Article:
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The Big Five with … Rangers pitcher Cliff Lee

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ARLINGTON, Texas — Before Cliff Lee signs a mega-free-agent deal this off-season, he’s got another showdown with Tim Lincecum coming in Game 5. And this time, he’ll have to bounce back after one of his worst starts of the year — and certainly the worst in his otherwise brilliant postseason career. Not to mention, facing The Big Five: 

You’ve set such a high standard for yourself that on the rare occasion when you did struggle, was it a surprise to you?

“I don’t know if it was a surprise. I know every time I go out there, I expect to be successful. So any time it’s anything less than that, you’re disappointed. You never know what’s going to happen out there. Those guys swinging the bat are pretty good, too. If you make mistakes, that’s what they get paid to hit. I was throwing a lot of balls over the plate. You can’t do that on a consistent basis and expect to be successful. They showed me that the other night.”

Was there any issue with the mound in Game 1?

“No, none. I know I kick and scratch on the mound, but I do that every time, if you’ve watched close enough. That’s part of, I guess, my in-between-pitch routine and what I do. I like to pay attention to where my foot is hitting. I try to keep (the landing spot) smooth and level and clean.”

You said after Game 1 that health wasn’t an issue for you. Have you figured out why that happened? Was it a mechanical thing, or something else you need to change?

“Anything I say is an excuse, and I’m not going to sit here and make excuses. I threw balls down the middle of the plate, and they hit them. I’ve got to do a better job of locating pitches. The reason why, and all that stuff, regardless of what I say, it sounds like an excuse, so I’d rather not say anything.”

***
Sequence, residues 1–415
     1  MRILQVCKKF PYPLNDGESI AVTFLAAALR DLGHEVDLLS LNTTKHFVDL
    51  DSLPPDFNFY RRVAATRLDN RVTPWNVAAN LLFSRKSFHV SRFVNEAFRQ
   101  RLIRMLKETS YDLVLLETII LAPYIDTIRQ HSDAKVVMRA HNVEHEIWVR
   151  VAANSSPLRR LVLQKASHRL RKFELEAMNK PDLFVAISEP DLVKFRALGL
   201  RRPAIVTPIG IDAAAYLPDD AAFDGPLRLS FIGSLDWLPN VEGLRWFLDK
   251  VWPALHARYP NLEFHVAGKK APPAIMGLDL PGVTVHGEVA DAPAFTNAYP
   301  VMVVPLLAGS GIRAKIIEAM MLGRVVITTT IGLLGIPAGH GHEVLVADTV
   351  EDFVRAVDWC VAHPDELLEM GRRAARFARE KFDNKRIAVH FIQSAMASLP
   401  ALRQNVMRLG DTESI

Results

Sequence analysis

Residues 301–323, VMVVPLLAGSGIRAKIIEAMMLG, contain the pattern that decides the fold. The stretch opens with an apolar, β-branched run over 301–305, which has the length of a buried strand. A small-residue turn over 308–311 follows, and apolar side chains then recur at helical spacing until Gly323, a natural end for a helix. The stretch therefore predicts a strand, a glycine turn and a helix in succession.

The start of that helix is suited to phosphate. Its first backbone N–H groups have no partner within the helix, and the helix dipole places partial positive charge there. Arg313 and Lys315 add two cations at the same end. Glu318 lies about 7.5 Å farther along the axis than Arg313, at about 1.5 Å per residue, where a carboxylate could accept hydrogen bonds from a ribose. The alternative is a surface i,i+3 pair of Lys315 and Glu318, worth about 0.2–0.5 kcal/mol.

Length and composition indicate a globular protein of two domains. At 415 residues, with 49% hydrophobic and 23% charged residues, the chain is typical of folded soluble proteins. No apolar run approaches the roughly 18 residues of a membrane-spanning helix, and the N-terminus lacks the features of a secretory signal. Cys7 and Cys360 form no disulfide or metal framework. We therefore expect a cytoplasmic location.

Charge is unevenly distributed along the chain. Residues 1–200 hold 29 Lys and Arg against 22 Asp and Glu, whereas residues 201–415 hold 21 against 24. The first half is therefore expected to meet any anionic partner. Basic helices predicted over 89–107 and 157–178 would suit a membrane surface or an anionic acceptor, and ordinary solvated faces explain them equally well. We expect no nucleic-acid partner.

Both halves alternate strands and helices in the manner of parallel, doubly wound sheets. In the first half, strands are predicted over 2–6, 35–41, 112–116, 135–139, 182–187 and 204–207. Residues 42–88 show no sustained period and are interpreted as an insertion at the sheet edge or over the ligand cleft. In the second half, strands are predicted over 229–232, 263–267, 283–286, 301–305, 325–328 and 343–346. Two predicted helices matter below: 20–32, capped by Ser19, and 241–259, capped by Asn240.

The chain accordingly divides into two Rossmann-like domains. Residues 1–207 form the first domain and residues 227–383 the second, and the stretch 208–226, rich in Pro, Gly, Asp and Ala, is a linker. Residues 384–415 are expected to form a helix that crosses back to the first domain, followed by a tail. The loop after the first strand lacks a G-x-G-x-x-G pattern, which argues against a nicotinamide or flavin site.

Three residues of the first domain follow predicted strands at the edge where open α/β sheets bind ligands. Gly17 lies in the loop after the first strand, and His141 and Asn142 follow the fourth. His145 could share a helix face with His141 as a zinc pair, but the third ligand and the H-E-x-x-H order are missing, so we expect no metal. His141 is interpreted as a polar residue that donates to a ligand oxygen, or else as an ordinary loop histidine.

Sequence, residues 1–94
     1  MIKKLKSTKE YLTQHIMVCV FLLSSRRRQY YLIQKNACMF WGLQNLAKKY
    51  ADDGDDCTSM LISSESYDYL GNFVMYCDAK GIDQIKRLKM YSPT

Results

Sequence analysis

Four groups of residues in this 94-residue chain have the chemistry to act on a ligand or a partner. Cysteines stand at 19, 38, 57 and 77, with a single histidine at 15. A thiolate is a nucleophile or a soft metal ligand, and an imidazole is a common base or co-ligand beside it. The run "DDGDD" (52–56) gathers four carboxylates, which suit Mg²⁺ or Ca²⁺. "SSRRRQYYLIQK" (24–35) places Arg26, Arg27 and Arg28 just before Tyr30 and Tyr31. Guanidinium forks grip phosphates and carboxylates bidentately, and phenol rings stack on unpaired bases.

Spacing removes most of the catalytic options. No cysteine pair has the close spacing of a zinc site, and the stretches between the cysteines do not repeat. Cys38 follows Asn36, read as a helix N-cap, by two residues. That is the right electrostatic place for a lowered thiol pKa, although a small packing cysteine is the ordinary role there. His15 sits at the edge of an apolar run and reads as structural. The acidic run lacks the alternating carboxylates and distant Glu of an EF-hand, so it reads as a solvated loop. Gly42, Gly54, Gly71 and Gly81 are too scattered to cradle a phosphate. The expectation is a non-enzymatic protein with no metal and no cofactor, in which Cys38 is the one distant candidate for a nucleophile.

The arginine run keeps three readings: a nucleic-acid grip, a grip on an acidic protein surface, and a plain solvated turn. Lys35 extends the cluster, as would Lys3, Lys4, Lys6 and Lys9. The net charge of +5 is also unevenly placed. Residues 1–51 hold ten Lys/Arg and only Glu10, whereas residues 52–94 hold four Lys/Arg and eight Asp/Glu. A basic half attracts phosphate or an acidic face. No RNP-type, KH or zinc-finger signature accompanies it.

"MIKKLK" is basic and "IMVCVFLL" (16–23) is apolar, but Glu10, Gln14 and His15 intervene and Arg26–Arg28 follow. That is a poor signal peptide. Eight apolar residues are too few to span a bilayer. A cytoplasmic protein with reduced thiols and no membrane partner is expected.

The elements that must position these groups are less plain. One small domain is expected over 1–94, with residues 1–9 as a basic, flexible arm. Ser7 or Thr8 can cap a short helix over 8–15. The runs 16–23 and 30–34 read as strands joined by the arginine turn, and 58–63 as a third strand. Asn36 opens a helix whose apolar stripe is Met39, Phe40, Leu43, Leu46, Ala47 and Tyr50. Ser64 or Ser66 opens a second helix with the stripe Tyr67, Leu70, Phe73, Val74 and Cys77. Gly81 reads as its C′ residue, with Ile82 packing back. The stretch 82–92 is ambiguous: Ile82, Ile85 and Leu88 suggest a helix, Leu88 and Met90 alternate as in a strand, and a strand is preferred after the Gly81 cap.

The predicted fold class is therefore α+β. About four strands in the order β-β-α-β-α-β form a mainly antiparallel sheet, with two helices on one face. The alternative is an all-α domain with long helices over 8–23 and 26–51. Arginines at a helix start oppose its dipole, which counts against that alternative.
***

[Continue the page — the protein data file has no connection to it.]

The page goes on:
Has your opinion of the Giants hitters changed at all since the series began?

“They’ve got a lot of quality hitters; there’s no doubt about it. In the last press conference, I was saying how good their pitching staff was, and it made it seem like their hitters aren’t as good — and that’s not the case. They proved it in San Francisco for sure. They scored, what was it, 20-something runs in two games? They’re pitch-able, but like I say, if you make mistakes and miss over the plate, and they’re 2-0, 3-1 (in the count), bad things are going to happen.”

You’ve been with the Rangers for just more than four months. What’s your take on your time here?

“It’s been a great experience; they’re great teammates. I knew the offense was unbelievable before I got here because I’ve had to face them in the past, and it hasn’t been a whole lot of fun. I knew we were going to score runs, no question about that.

“It’s definitely one unit working together. There are a lot of individually talented players, but we really do pull for each other, and if someone doesn’t get it done, the next guy is there to do it. That’s the recipe for a winning team, and that’s why we are where we’re at.”

Editor’s note: Tony DeMarco is a contributor to NBCSports.com who has been covering the big leagues since 1987. He’ll interview a guest during each day of the World Series for HardballTalk.com.

Baseball Hall revamps veterans’ committees

Cooperstown
Associated Press
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COOPERSTOWN, N.Y. (AP) Baseball’s Hall of Fame has again revamped its veterans’ committees, attempting to increase consideration for more contemporary players, managers, umpires and executives.

Under the change announced Saturday by the Hall’s board of directors, there will be separate committees for Today’s Game (1988-2016), Modern Baseball (1970-87), Golden Days (1950-69) and Early Baseball (1871-1949). Today’s Game and Modern Baseball will vote twice every five years, Golden Days once every five years and Early Baseball once every 10 years.